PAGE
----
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Harmonious toon

Gorgeous animation, emotional story come together in dark, exciting stop-motion film

Hey there, time traveller!
This article was published 19/8/2016 (1501 days ago), so information in it may no longer be current.

Opinion

Animation holds the promise of opening up whole universes. So why are wondrous, imaginative, original animated features so rare?

This breathlessly beautiful epic, from Portland, Ore.-based boutique animation house Laika, shows what toons can really do when freed of conventional commercial ideas (and liberated from the constraints of franchises and licensed merch).

Laika Studios / Focus Features</p><p>Kubo, voiced by Art Parkinson, is the protagonist in Kubo and the Two Strings, which draws on traditional Japanese folktales for its story.</p></p>

Laika Studios / Focus Features

Kubo, voiced by Art Parkinson, is the protagonist in Kubo and the Two Strings, which draws on traditional Japanese folktales for its story.

The studio’s three previous features — Coraline, ParaNorman and The Boxtrolls — have all been nominated for Oscars, thanks in part to their artful, old-school stop-motion animation. In Kubo and the Two Strings, the gorgeous visuals are backed with a powerful story that draws on traditional Japanese folktales.

Kubo (voiced by Art Parkinson, Game of Thrones’ Rickon Stark) is a small boy living near a coastal village with his traumatized mother. Every day he earns a few coins telling stories in the town square, using carefully crafted origami figures and the music of his shamisen, a stringed instrument.

Kubo’s stories, it turns out, are connected to his own past. His father died defending him from his mother’s malevolent father and sisters. The conflict goes beyond the average family feud to a supernatural rift.

Laika Studios / Focus Features</p><p>Kubo, voiced by Art Parkinson (left), and Monkey, voiced by Charlize Theron.</p>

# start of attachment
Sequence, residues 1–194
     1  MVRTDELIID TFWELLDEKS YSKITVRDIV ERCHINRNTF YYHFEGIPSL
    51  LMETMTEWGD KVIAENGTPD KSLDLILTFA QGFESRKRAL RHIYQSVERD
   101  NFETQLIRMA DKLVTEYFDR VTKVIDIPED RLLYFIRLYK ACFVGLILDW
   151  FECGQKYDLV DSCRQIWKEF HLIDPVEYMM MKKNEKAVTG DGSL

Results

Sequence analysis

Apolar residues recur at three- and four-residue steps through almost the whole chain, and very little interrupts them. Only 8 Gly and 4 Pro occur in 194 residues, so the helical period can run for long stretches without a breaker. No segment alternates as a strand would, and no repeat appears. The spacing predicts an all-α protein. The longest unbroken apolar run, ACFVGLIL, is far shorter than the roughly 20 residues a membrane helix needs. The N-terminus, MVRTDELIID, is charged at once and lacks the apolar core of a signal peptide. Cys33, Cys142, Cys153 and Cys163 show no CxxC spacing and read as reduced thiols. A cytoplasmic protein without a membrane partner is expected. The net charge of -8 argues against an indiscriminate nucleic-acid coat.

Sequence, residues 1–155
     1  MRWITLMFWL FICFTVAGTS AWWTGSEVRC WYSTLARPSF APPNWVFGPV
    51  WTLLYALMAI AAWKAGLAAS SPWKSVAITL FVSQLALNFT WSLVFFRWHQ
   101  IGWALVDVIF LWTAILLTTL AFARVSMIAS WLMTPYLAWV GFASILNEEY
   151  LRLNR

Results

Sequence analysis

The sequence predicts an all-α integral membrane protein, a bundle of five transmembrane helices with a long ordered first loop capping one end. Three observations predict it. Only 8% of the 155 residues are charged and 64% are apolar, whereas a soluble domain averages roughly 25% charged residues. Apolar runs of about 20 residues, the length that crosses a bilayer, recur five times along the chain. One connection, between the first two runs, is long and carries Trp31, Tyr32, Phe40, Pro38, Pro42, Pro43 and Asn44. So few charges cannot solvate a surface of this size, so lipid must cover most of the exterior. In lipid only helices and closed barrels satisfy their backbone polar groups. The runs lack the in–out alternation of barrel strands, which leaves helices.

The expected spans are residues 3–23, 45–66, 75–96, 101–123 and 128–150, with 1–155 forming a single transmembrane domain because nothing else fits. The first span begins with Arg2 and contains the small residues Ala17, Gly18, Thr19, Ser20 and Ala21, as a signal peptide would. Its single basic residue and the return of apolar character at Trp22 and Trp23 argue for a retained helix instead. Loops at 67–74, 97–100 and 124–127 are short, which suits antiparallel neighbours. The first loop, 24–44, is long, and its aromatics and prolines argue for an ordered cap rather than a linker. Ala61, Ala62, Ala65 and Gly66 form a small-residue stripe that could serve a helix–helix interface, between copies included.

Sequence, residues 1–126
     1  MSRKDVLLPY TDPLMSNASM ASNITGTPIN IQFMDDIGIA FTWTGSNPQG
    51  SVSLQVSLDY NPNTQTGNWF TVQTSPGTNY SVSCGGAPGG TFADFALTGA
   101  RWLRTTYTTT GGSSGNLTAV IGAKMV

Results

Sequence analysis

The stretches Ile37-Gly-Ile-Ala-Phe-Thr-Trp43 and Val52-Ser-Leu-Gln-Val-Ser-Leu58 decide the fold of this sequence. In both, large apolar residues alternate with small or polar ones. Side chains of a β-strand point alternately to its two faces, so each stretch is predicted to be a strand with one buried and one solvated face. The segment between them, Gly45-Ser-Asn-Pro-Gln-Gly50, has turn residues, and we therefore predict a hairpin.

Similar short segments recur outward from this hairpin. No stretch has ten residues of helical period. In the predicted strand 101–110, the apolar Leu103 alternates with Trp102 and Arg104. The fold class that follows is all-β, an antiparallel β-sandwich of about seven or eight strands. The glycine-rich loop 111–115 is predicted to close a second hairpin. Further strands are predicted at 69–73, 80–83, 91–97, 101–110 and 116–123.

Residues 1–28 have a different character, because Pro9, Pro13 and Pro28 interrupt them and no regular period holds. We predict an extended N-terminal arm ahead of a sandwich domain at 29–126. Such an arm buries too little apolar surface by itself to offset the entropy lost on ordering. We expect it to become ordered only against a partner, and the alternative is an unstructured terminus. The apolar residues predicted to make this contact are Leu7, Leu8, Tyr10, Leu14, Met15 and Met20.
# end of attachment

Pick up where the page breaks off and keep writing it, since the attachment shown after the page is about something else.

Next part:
Laika Studios / Focus Features

Kubo, voiced by Art Parkinson (left), and Monkey, voiced by Charlize Theron.

When his witchy aunts (both voiced by Rooney Mara) renew their attack, Kubo must become the hero of his own adventure. He undertakes a quest for three magical objects, along with two guides, the stern Monkey (Charlize Theron), a wooden carving come to life, and Beetle (Matthew McConaughey), a samurai who has been cursed with the form of a giant bug.

There’s the usual comical road-trip carping. Monkey is a pessimist. ("Do you ever say anything encouraging?" Kubo asks. "I encourage you not to die," Monkey replies.) Beetle is an optimist, channelling Buzz Lightyear, the Tick and maybe just a titch of just-keep-livin’-era McConaughey in his likable obliviousness.

The story, by scripters Marc Haimes and Chris Butler, is simple but holds layers of mystery and meaning. As with the brilliantly unsettling Coraline, Kubo is dark — often very dark — but also hopeful. It shares with old fairy tales and newer inheritors like Edward Gorey, Maurice Sendak and Lemony Snicket the idea that children don’t want to be wrapped in cotton wool. They want to explore their fears and overcome them through storytelling.

From left: Monkey, voiced by Charlize Theron; Kubo, voiced by Art Parkinson; and the samurai Beetle, voiced by Matthew McConaughey.</p>

From left: Monkey, voiced by Charlize Theron; Kubo, voiced by Art Parkinson; and the samurai Beetle, voiced by Matthew McConaughey.

Director Travis Knight’s visuals are an extraordinary mix of old and new technologies. Laika animators work in labour-intensive stop-motion animation, but the models are produced by a 3D printer. There is a little added CGI, for water effects and general buffing up, but the overall feel is tactile and organic.

Some of the visuals have the precise, delicate beauty of origami, honouring the ancient Japanese setting without getting cutesy. (The voice casting remains an uneasy compromise. The filmmakers are sensitive enough to give Asian and Asian-American actors almost all the minor voice roles, but not quite brave enough to make them leads.)

Like many great cartoons, Kubo and the Two Strings works on several levels. The action is intense and occasionally scary and it might not be for all children. Kids who do like it will learn some (very quiet) lessons about self-reliance, resilience and love. Older viewers, meanwhile, will be thinking about memory, loss and grief.

And nobody will be thinking about sequels, spinoffs or overpriced action figures.

alison.gillmor@freepress.mb.ca

Alison Gillmor

Alison Gillmor
Writer

Studying at the University of Winnipeg and later Toronto’s York University, Alison Gillmor planned to become an art historian. She ended up catching the journalism bug when she started as visual arts reviewer at the Winnipeg Free Press in 1992.

Read full biography

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